The European Central Bank will restrict Greek banks’ access to its cheapest funding operations from Aug 21, it said on Friday, a move that could increase costs for lenders but may still help shore up confidence in Europe’s weakest economy.
The ECB will revoke a so-called ‘waiver’ which allowed Greek banks to post junk-rated government bonds as collateral in regular funding operations, a well anticipated move that comes as Greece exits its third bailout programme within days.
Such an exemption could only be granted while a country is in a bailout programme, and the ECB has long said that the waiver would be revoked, much like in the case of Cyprus in 2016 when it exited its own bailout.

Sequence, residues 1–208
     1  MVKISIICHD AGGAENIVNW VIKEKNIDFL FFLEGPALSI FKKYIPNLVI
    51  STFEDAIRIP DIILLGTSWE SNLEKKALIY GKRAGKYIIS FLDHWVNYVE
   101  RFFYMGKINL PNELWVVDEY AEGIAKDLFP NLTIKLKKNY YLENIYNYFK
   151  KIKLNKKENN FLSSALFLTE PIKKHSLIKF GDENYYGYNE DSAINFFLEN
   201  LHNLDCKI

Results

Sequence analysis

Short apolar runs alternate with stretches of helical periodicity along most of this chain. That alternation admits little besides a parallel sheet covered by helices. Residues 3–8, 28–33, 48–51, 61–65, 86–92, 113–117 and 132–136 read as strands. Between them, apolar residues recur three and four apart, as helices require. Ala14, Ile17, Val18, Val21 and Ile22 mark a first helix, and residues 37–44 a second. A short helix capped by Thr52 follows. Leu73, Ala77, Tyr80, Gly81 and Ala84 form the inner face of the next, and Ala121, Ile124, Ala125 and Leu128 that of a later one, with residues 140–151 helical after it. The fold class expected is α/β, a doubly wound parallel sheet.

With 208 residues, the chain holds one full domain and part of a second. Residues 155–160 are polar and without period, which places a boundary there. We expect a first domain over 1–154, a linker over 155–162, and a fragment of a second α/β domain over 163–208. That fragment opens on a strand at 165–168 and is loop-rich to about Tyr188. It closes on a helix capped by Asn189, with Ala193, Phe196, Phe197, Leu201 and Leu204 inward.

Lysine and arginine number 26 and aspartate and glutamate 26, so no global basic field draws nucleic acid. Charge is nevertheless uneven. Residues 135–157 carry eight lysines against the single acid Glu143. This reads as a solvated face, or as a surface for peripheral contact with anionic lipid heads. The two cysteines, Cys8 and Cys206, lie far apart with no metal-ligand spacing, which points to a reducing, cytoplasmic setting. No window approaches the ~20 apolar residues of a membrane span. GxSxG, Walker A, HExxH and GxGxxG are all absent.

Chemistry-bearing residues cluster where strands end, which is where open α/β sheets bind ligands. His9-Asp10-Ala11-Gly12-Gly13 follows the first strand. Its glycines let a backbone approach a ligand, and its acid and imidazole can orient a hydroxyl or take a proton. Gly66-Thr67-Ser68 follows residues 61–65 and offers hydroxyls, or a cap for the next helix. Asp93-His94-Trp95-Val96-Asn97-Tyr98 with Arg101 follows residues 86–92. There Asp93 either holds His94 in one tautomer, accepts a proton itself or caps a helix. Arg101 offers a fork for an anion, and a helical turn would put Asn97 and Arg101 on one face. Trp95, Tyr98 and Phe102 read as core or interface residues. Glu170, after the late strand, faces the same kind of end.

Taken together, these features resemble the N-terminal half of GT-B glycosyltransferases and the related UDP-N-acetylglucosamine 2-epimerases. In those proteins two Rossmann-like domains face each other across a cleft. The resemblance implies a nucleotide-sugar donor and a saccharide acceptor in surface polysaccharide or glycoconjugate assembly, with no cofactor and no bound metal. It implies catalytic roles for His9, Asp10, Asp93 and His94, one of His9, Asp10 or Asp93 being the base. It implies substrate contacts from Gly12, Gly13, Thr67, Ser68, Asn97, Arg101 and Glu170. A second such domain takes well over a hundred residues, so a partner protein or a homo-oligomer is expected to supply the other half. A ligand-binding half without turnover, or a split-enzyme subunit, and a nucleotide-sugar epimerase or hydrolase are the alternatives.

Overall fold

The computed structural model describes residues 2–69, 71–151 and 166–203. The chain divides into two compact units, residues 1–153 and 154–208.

The loss of the waiver could force Greek banks to seek more Emergency Liquidity Assistance, a more expensive source of central bank funding, and would keep Greek papers ineligible for the ECB’s 2.6 trillion euro bond purchase programme.
Still, the end of the bailout is a major milestone and indicates that Greece is healthy enough to stand on its own feet, a confidence booster that could offset the added cost of more funding.
Greek banks borrow just over 8 billion from the ECB in longer-term refinancing operations and now need to post a new type of collateral to maintain their access.
However, a source familiar with the process said that migration to ELA is expected to be modest and the ELA cap of 8.4 billion is not expected to be raised as a result.
While 10-year Greek bonds still yield over 4 percent, they are well off from levels above 10 percent before the bailout.